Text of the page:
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Re: A little piece of Wondermatics history...

Postby polaris » Mon Sep 05, 2016 12:22 pm

Sorry Bob meant two handfuls :)

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Re: A little piece of Wondermatics history...

Postby widget2k4 » Mon Sep 05, 2016 12:37 pm

I remember that day well, he did cry like a bitch :lol:

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Re: A little piece of Wondermatics history...

Postby polaris » Mon Sep 05, 2016 5:56 pm

Ouch Keith giving away all my secrets remind me never to do a bank job with you :)

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Re: A little piece of Wondermatics history...

Postby pennymachines » Wed Sep 07, 2016 4:57 pm

Tudah Glover sent me the following Wondermatics inside story via a couple of emails in 2007. I tried contacting him (without success) about putting it online, but don't see anything here that he wouldn't want making public. I've edited and slightly rearranged the text for clarity.
Tudah P Glover wrote:Wonders was run by my father, "Jack" Glover, although Jack was just a nickname he used (and was how my mother referred to him). His full real name was Tudah Walter Glover. He was a great one for joking and misleading people - that's probably where the rumour that he was a New Zealander came from. He was actually born in Bethnal Green. The only other director was my mother, the company secretary.

As a child born in the fifties growing up in the sixties, I spent a lot of time at my father's workshops in Edmonton and at 780 Tottenham High Road, where the manufacture of most of these machines took place. In the 1940s my father had machines of all types (pinball, fruit machines, jukeboxes etc.) rented out into some pubs and clubs all over London. This was prior to manufacturing his own models. At that time his business was known as Wonder's Walls (wall machines being his name for any machine that was designed to be placed against a wall). This company went on to become Wonder's Automatics which then became Wondermatics Ltd.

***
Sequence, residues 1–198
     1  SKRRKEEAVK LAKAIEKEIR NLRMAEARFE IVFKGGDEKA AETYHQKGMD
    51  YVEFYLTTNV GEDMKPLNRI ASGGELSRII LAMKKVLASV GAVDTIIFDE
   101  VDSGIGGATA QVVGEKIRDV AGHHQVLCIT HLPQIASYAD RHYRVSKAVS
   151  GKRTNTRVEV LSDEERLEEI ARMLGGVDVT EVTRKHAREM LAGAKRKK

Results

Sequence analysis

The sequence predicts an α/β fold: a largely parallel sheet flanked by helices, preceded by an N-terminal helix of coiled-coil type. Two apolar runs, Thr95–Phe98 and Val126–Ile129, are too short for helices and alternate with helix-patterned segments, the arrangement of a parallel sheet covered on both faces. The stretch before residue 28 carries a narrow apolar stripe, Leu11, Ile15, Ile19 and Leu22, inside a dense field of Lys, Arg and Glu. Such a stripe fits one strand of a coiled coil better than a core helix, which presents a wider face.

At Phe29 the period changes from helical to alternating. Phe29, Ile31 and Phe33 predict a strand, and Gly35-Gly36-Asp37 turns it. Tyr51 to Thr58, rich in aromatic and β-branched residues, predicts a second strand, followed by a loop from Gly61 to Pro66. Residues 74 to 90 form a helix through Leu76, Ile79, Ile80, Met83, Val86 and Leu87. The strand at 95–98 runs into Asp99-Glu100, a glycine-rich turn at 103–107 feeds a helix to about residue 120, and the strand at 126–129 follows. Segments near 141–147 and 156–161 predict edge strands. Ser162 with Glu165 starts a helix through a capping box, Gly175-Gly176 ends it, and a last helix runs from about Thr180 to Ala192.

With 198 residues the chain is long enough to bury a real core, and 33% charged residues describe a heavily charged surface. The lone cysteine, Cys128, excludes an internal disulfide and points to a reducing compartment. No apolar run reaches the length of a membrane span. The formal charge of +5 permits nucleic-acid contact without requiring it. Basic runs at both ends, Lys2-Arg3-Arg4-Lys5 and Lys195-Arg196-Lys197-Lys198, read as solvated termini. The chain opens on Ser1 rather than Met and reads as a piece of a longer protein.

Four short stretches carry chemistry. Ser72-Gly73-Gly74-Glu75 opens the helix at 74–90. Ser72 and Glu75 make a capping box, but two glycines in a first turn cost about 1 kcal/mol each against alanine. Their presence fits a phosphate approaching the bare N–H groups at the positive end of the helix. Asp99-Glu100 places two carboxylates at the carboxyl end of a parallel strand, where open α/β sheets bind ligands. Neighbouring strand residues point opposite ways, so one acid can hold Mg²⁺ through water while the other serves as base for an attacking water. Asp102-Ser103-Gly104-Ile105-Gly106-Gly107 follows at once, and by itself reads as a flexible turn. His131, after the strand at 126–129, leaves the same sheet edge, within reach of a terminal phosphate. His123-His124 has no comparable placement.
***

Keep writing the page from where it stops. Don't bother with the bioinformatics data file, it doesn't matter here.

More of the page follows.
With regard to the workforce, the staff numbers varied according to the order book. The workforce were largely old mates, long standing acquaintances, wartime friends and family members. Four people worked at the Company full time and at busy times work was either contracted out or extra staff used on a temporary basis, sometimes there being as many as eight to ten people working at the factories. Some work was contracted out. For instance, the later plain wood cabinets were made at a cabinet makers/joiners, although the early squarer cabinets he made himself. I can't help much with the dating of the different machines other than to tell you that it was about 1966 that Wonders switched over from plain wood cabinets to the gold and silver Hammerite finish cabinets of the Dropaopper etc.